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Posts Tagged ‘first person on Carpathia’

RMS Carpathia arrived an hour after the RMS Titanic sunk to her watery grave. Her rockets were spotted by those in the lifeboats at three thirty that morning.


The RMS Carpathia was owned by the Cunard Line. Her maiden voyage was on May 5, 1903. {She would be Torpedoed off Ireland by German submarine on July 17, 1918}. She left New York City on April 11, 1912 and was sailing towards Fiume, Austria-Hungary {now Rijeka, Croatia} on April 14, 1912.

Harold Cottam was the Carpathia wireless operator. He missed the initial Titanic SOS messages because he was on deck. When he returned Cape Race, Newfoundland told him of the CQD/SOS messages and he then received Titanic’s distress signal. He awakened Captain Rostron who immediately set sail for Titanic. They were fifty-eight miles away from the sinking vessel.

Captain Arthur Henry Rostron was given the command of the RMS Carpathia on January 18, 1912. He went to sea when he was thirteen years old. In January 1895 he joined the Cunard Line. In 1912 Captain Rostron and RMS Carpathia made regular trips from New York City to Fiume, Italy. Headed to Europe the vessel carried a large number of tourist. On the return trip to New York City the steamer would carry emigrants.

This was the first disaster Captain Rostron responded to. However, he spared no effort or cost. He ordered that his lifeboats be swung out, all gangway doors opened, stewards to keep passengers and survivors separate, blankets prepared, extra rooms and the library and smoking rooms prepared, soup and hot drinks ready, rope ladders and extra chairs used to bring the survivors on board, pursers to gather names and stewards to see after the survivors, and the doctor summoned. He clearly rose to the challenge and acted in a timely and professional manner.

Understanding the severity of the situation, Captain Rostron ordered all heat sources to be cut off. This allowed the boilers to work faster, build more power and produce more steam. This could have been very dangerous with so much ice and he understood this, posting additional lookouts.

The Carpathia arrived at the scene at four o’clock in the morning. The Captain and crew were met with a scene of the vast ocean and nothing else upon reaching the given concordance of the Titanic’s location. Captain Rostrom testified they were met with “only a sea covered with wreckage and debris”. He ordered the engines stopped as the crew searched for life. Finally someone pointed out a flare from a lifeboat in the distance.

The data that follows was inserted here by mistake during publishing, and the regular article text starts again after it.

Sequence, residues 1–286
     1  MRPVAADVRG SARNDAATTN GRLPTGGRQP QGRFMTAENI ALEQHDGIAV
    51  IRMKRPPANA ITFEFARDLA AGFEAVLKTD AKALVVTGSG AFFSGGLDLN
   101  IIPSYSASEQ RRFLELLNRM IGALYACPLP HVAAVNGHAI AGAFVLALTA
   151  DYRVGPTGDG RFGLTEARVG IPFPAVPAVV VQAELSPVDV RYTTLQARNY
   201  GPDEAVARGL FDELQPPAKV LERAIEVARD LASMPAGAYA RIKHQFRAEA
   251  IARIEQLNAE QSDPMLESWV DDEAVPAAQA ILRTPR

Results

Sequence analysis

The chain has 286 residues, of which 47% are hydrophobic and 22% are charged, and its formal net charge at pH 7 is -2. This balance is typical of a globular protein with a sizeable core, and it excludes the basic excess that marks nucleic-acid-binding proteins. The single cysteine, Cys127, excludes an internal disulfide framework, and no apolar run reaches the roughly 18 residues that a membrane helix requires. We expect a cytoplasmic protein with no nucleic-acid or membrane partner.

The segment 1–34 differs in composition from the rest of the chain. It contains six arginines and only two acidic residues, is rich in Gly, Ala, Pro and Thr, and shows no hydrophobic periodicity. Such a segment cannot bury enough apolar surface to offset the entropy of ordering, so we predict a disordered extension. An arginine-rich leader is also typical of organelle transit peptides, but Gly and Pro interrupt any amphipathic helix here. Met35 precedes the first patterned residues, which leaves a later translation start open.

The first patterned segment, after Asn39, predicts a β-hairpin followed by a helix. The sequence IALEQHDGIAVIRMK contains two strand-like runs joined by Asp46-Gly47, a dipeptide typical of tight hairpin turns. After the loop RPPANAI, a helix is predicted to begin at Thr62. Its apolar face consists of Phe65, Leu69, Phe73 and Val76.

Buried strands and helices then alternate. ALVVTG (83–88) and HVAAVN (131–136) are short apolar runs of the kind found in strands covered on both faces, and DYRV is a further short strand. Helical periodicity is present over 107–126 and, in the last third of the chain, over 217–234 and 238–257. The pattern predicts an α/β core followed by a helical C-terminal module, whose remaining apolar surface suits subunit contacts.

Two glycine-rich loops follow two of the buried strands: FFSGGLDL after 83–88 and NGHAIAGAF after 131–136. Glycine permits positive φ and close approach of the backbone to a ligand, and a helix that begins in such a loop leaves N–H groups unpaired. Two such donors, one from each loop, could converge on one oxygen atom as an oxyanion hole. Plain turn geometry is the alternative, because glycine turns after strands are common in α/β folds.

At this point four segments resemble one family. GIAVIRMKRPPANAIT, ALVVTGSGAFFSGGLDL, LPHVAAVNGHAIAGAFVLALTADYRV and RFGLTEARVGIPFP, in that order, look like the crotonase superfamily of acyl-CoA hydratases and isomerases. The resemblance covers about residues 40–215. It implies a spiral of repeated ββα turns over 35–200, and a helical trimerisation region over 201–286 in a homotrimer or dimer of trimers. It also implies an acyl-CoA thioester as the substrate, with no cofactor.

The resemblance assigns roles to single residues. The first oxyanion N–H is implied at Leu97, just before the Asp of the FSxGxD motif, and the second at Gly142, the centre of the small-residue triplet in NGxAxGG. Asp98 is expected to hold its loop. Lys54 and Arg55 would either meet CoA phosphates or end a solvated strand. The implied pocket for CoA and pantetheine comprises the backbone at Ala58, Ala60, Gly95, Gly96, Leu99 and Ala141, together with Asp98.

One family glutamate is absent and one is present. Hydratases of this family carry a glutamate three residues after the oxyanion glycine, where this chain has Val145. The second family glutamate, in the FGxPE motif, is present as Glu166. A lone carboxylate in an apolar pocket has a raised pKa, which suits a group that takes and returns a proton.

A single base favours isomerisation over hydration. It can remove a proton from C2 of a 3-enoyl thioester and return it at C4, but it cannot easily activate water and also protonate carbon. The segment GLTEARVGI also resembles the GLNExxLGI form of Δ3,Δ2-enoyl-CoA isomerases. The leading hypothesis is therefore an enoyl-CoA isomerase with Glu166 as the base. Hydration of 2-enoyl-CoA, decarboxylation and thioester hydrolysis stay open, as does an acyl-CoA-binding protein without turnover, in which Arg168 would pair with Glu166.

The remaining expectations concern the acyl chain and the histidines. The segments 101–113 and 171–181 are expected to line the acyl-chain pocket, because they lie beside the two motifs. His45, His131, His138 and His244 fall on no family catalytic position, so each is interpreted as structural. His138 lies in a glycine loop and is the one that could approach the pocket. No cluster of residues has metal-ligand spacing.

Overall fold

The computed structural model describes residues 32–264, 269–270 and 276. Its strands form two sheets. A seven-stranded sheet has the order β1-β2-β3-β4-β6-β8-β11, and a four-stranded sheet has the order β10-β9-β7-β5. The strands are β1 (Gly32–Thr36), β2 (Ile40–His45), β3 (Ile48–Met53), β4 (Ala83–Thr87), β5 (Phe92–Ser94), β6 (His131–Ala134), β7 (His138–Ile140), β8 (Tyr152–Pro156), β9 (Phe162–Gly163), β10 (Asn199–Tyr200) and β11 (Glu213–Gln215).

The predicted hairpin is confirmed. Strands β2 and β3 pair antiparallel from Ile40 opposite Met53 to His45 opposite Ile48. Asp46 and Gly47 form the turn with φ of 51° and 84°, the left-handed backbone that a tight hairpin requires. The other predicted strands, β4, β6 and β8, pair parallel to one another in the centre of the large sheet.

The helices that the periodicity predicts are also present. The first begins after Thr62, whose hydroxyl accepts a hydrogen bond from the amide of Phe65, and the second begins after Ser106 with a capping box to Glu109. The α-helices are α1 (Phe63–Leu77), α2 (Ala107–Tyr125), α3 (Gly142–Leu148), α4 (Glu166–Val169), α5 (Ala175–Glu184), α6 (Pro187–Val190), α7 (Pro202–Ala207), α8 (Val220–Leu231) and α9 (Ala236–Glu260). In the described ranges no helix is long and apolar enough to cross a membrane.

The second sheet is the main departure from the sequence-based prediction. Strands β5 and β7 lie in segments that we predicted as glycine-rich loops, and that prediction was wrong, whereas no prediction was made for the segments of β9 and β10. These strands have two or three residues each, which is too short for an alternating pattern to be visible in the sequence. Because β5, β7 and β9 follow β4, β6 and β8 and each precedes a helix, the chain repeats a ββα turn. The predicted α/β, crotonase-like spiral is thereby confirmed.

The passengers on Carpathia were stunned by the scene that greeted them the morning of Monday, April 15, 1912. One passenger described it as “fields of ice on which, like points on the landscape, rested innumerable pyramids of ice.”

On board Carpathia was Charles H. Marshall, whose three nieces were travelling aboard the Titanic. {All three women survived and were surprised to find their uncle upon being rescued}.

Lifeboat number two was the first to be rescued at 4:10am. She was under the command of Fourth Officer Joseph Boxhall. Elizabeth Walton Allen was the first passenger to be brought aboard Carpathia. She confirmed to the crew that Titanic had indeed sunk.


As passengers were brought on board many were in shock or sobbing, while others quietly reflected on the events of that night. Many were still under the impression that their loved ones had been saved and rescued.

The rescue effort took over four hours. Survivors were brought aboard by a variety of means such as climbing rope ladders, slings, chairs and children hoisted up in mail sacks.

The last lifeboat to reach the Carpathia was number twelve. There were seventy-four people on board, including Office Lightoller, who was the last to board the vessel. Some of the boats had been adrift for eight hours. All of Titanic survivors were on the Carpathia by nine o’clock that morning.

On board the Carpathia survivors looked for their loved ones. A few had joyful scenes of being reunited, but most saw their hopes dashed as their loved ones failed to appear and reality began to sink in. After being rescued all of the survivors were inspected by a doctor and given food and drink.

The final count onboard the Carpathia was 705 survivors out of 2223 that had started the Southhampton to New York voyage.

After everyone was on board Captain Rostron held a service and moment of silence over the disaster site for those lost at sea.

Due to insufficient resources, Captain Rostrom decided to return to New York instead of continuing on to Europe.

The California arrived at the site of the disaster at 8:30am. Hearing of the sinking she worked her way through the ice to be of assistance. Finding no other survivors she then continued on to Boston.

Titanic’s wireless operator, Harold Bride, was taken to Carpathia’s wireless room where he worked with Harold Cottam. The men did not leave the room and worked transmit a list of survivors names and personal messages to relatives. The men even refused to answer a request from President Taft, requesting information on his military advisor Archibald Butt.

“One of the messages that the New York White Star line did receive from the Carpathia confirming the disaster is as follows:
Steamship Carpathia, April 17, 1912 (via Halifax)
Deeply regret advise you Titanic sank this morning, after collision iceberg, resulting serious loss life. Further particulars later. Bruce Ismay.
This was received by Mr. Franklin at the White Star office in New York at 9 a.m. on April 17. Two days after the sinking. This gives you an idea of how slow news was traveling.”

Now the passengers and survivors aboard Carpathia had nothing to do but wait to reach New York.

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